Now it belongs to a contractor, and the filling-in with concrete blocks and artificial siding is probably a fair sample of a Pittsburgh contractor’s taste. But the building is, on the whole, in an excellent state of preservation. It shows up on our 1923 map as the Horst & Mooney Garage, and we can probably guess what brand of cars it sold and serviced.
Update: Mr. John Hempel has pointed out that this was a Packard dealer in 1930. “In your fascinating Car Dealers page, Horst & Mooney may have been a Chev dealer more recently, but it was originally a Packard dealer. Pitt archives has a photo – just search Horst & Mooney.”
Many thanks to Mr. Hempel for pointing out the old photograph. Here is the picture he mentions, and the signs certainly leave no doubt about what cars this dealer was selling:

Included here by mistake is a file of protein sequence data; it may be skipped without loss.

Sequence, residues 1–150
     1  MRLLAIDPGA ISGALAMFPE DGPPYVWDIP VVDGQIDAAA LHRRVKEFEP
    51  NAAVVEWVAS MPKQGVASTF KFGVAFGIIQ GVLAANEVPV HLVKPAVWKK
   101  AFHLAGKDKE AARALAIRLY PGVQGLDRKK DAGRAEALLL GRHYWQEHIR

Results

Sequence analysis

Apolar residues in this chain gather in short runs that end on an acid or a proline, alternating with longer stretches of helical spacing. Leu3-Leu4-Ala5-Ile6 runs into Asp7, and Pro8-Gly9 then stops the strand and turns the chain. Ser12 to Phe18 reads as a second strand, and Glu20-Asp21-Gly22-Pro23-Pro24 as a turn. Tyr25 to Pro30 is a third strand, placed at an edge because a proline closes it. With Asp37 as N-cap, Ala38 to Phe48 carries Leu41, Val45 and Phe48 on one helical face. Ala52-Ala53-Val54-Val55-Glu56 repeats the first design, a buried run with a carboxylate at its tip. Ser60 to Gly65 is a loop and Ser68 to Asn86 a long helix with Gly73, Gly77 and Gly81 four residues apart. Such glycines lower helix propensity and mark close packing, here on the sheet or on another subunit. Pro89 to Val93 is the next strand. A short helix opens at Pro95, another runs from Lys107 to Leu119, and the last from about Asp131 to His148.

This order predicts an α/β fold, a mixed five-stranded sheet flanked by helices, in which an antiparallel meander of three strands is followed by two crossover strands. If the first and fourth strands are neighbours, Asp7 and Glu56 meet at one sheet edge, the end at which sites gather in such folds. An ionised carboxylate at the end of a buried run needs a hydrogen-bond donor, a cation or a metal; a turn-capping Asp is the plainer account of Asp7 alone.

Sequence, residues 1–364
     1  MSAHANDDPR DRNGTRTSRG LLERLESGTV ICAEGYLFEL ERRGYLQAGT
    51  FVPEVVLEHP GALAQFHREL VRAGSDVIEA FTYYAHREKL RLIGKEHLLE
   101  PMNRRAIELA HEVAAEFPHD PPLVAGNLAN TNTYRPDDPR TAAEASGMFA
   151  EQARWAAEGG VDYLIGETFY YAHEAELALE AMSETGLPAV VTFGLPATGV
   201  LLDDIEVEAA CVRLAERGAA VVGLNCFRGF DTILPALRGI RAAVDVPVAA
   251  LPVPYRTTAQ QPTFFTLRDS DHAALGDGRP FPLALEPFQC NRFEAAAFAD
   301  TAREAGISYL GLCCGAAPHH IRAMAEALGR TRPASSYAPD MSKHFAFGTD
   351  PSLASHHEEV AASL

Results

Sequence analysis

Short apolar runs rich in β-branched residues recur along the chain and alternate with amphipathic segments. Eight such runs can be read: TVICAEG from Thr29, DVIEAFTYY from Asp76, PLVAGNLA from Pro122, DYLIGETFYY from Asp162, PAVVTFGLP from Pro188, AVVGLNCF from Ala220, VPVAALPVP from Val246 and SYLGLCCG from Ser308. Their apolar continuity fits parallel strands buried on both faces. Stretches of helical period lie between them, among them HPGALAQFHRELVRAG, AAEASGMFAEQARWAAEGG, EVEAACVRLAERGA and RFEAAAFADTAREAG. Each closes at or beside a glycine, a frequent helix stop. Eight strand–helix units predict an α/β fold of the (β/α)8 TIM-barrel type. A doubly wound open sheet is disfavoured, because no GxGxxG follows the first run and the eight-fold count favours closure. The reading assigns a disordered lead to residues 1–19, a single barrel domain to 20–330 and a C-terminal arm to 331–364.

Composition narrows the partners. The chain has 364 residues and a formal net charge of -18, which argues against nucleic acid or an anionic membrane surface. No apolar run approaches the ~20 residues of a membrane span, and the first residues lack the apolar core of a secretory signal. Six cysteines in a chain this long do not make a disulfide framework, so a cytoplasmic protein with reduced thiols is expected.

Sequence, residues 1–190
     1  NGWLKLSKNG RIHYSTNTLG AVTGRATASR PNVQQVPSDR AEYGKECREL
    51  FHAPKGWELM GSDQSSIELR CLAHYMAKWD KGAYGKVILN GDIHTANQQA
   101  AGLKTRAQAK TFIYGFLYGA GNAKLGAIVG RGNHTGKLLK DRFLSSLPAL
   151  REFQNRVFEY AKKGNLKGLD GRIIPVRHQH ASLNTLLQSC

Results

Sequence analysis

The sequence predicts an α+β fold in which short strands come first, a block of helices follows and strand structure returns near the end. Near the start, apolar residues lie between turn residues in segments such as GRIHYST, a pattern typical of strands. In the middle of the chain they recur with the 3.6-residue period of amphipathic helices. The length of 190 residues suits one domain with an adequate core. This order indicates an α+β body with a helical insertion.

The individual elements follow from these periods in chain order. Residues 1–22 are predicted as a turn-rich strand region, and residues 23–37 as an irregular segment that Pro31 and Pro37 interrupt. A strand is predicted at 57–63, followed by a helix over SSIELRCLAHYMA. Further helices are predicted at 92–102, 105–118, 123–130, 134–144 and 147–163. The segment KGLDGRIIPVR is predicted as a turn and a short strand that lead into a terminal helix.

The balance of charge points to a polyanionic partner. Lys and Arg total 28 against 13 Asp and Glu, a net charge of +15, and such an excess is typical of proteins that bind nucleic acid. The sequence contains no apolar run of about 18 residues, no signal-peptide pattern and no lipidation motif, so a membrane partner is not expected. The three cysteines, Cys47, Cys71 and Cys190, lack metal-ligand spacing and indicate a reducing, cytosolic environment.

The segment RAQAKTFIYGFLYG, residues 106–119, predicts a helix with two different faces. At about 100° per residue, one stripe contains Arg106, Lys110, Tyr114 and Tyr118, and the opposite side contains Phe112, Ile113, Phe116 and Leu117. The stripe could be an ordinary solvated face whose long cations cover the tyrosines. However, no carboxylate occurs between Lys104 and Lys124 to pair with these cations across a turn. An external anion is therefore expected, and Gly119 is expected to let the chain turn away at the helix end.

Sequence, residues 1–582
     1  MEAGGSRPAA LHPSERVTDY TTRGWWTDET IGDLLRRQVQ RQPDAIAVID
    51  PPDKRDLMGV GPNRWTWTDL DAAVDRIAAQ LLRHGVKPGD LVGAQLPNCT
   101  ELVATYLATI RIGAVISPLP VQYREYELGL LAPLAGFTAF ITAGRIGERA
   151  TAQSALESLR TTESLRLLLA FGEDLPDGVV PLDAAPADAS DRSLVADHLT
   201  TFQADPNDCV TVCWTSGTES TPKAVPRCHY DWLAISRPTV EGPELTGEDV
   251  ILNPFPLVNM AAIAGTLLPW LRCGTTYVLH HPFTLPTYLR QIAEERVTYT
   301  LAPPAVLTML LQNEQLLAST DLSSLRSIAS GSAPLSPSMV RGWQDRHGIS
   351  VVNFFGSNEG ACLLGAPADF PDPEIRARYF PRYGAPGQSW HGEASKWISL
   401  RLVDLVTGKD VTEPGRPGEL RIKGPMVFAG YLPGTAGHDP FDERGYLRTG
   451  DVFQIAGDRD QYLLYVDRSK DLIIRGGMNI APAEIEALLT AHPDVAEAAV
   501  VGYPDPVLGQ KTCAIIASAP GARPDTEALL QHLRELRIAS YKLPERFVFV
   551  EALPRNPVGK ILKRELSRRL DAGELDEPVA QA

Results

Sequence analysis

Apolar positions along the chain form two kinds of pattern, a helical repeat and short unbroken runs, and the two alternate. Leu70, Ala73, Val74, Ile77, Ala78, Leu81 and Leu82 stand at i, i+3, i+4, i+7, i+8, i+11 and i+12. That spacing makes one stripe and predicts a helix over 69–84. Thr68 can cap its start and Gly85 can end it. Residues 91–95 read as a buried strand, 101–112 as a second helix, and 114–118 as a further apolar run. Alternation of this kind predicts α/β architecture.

You can see a very-high-resolution scan at the Historic Pittsburgh site. Because the resolution is so high, we can see that the little decoration at the peak of the roof was there from the beginning:
It is possible that this is not meant to be a Chevrolet logo, but both the shape and the blue color seem hard to mistake.
So Father Pitt’s working hypothesis is that this was a Chevrolet dealer before it was a Packard dealer, but the well-to-do Brighton Heights clientele justified moving up in the world.
The 1930 photo gives us a good look at the original state of the building and confirms that, except for the filling-in of windows, it has not changed very much. As a bonus, we also get a good look at the California Methodist Episcopal Church and, right at the corner of the garage lot, a streetcar shelter.